Knowing how to identify bullying greatly increases the opportunity for positive conversations and resolutions. Developing children’s self-confidence is the other part to addressing bullying. Rather than scolding the perpetrator for their actions, focus on the feelings of the victim and have a conversation about it. Most of us have probably seen (or heard) of the “Apple Lesson” that has gone viral on the internet. Shedding light on the impact of how people treat each other is very powerful in terms of cultivating empathy.

Bullying: The Research

Given the complexity, impact and severity of bullying on the social-emotional development of children, it is crucial that we pay more attention to identifying cases of bullying and guiding children towards positive methods of conflict resolution – yes, as early as preschool.

In the case study Children’s Strategies in Addressing Bullying Situations in Day Care and Preschool, the authors interviewed and observed on bullying incidences in Finnish childcare centers with the intent of deducing and measuring how children from different age-ranges cope with bullying.

The results were interpreted as follows: three-year-olds will either react in a participative manner (told an adult or tried to settle the quarrel) or withdraw (not knowing what to do or doing nothing). However, seven-year-olds displayed a high level of reactivity in a bullying situation.

The authors came to the conclusion that it would still be a challenge for three year olds to receptively and expressively handle bullying situations as their language ability was still emerging: “The most described strategy for children of all ages was seeking for adult’s help. The older children tended to describe more personal and interactive ways to consider bullying. This may be the result of better language abilities.” (pg. 959, Reunamo, J et.al.).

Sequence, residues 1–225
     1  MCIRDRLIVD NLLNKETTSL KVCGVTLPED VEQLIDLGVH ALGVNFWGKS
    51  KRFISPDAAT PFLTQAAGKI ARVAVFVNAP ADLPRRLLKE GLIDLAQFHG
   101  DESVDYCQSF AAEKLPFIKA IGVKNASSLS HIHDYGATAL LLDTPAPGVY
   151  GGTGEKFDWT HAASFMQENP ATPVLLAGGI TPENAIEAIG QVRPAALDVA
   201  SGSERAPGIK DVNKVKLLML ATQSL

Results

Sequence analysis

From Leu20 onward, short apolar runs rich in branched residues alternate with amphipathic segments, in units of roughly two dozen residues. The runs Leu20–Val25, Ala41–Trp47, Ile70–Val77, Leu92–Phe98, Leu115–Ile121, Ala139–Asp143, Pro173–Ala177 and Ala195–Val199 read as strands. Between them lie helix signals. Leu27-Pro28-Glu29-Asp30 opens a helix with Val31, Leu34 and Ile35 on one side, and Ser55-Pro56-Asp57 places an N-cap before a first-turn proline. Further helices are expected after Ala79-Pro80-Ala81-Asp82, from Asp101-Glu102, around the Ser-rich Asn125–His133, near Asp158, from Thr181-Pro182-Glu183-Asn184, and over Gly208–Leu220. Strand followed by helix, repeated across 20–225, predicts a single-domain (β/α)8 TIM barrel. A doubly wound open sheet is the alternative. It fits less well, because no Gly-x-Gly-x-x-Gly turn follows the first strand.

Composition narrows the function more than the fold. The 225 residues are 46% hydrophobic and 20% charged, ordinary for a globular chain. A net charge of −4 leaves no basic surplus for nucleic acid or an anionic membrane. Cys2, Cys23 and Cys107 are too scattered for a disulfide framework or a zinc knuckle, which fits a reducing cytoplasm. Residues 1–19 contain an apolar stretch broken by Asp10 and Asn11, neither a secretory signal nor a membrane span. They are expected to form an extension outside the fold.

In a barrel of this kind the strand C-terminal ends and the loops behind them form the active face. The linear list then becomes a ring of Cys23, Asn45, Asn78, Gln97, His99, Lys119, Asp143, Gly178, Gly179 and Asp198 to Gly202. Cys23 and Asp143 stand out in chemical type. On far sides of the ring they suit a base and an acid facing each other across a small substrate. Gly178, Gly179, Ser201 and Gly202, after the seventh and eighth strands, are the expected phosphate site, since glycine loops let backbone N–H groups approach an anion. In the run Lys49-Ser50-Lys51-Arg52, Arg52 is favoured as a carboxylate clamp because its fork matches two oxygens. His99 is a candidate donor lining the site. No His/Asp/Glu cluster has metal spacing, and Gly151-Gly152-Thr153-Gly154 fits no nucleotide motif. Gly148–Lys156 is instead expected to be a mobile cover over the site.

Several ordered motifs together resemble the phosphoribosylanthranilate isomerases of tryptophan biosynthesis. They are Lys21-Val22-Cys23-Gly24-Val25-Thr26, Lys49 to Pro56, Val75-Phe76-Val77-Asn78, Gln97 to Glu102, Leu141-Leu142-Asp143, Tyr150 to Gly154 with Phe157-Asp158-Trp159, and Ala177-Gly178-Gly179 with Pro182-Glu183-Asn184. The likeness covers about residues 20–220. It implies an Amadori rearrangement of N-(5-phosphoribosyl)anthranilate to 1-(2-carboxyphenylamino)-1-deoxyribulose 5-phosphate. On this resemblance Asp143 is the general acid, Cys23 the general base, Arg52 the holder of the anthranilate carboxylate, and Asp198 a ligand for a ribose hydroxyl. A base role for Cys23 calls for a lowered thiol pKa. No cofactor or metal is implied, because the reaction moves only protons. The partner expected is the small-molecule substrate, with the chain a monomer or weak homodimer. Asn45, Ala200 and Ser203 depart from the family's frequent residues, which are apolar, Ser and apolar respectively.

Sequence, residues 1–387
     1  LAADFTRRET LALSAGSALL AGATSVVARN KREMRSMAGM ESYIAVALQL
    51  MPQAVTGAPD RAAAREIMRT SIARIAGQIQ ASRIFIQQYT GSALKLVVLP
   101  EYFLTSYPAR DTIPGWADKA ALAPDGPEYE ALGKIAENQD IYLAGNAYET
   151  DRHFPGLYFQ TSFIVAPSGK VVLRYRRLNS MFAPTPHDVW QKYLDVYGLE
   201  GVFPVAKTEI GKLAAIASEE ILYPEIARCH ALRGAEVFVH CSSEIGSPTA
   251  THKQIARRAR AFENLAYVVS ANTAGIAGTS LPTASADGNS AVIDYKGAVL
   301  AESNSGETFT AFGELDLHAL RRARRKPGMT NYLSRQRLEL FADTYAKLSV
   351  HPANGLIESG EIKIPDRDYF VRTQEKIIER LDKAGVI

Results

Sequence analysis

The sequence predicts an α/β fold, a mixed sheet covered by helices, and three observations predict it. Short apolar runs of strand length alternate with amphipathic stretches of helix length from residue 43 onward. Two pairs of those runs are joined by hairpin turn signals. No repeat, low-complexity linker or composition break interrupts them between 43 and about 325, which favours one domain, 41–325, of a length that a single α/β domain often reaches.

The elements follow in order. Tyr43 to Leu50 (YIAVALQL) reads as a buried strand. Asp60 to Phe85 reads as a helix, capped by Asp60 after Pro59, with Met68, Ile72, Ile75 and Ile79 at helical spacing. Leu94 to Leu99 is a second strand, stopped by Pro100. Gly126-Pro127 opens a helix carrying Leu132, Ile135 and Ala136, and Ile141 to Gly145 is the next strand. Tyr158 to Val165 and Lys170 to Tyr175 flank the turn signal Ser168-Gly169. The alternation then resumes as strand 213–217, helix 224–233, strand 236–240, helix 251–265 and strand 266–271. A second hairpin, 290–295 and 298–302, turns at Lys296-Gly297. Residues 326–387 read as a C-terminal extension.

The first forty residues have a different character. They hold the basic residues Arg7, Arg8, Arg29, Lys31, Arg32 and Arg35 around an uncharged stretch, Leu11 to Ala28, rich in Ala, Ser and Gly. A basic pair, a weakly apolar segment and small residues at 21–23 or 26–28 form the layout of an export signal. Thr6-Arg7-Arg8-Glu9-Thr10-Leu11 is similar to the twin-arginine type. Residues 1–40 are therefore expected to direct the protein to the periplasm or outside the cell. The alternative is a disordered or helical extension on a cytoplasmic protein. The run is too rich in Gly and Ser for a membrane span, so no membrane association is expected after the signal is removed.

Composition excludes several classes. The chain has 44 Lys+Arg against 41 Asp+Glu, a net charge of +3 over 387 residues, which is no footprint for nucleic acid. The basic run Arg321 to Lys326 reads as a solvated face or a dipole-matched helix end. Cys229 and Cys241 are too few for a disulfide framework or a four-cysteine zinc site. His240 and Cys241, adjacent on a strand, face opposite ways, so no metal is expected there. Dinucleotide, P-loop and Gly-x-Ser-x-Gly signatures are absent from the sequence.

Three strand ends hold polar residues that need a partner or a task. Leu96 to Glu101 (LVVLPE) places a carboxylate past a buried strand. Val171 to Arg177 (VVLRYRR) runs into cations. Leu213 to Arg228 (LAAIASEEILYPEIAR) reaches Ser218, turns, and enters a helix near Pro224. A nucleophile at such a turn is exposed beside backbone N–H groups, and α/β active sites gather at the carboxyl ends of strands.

The sentiment that younger children have a greater challenge with regulating their emotions when facing instances of bullying is echoed in the research review: Bully/victim problems among preschool children.

The key takeaway from this review is the importance of providing positive means of conflict resolution in instances of bullying through discussions at group time. Talking about bullying openly helps children understand the impact it has on the victims and helps the group better-identify what to do in the future, as well as develop empathy.

What’s Next

Bullying leaves its scars, not just on the individual, but also on our society. I personally believe that this is a cycle that can be broken by more awareness at a preschool level. Mobilizing the community is an important step here.

Asking the classroom parents for their input helps rally the community around a singular goal of creating a safe space for all children. Parent-teacher communication is key to ensuring that any bullying activity gets nipped at the bud. A two-way system where parents can be open with teachers if they suspect that their child is being bullied, allows teachers to pay specific attention to specific children during programming.

Most of us have been through some sort of bullying in our lives and a majority of us have moved on. That said, there are a handful that never got the right help in the right time. This applies to both the bully and victim. Positive, timely support will lead to long term success at our centres and schools.


  • Everyone loves it whenever people come together and share thoughts.
    Great site, keep it up!

  • Victoria Bennett says:

    I recently published a book entitled “ Mean Doreen” ( on Amazon) which deals with bullying in the 3-7 year old age group. I hope someone on this site might find it helpful for starting a conversation with young children.